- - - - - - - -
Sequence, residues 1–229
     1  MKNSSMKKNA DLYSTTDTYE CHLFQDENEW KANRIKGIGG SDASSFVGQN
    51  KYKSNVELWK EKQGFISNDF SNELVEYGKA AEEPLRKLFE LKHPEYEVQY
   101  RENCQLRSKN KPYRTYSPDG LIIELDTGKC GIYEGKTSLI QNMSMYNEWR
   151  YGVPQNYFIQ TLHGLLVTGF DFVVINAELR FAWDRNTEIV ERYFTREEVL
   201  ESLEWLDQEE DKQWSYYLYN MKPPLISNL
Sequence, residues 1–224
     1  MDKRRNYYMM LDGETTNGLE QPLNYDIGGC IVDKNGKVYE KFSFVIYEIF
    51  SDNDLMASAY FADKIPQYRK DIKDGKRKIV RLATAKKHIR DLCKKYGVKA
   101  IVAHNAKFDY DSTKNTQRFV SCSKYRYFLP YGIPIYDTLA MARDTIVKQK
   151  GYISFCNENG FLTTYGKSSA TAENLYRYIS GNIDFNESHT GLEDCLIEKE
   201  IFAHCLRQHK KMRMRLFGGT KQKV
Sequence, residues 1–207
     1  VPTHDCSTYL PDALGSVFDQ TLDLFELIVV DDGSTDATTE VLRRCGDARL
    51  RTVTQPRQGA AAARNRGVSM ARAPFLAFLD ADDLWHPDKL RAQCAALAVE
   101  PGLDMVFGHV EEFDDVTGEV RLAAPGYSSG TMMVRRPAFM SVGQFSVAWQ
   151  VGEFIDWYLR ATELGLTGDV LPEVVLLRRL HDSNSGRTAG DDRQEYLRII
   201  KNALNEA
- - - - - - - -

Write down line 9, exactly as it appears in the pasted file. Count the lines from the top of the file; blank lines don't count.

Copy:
    51  SDNDLMASAY FADKIPQYRK DIKDGKRKIV RLATAKKHIR DLCKKYGVKA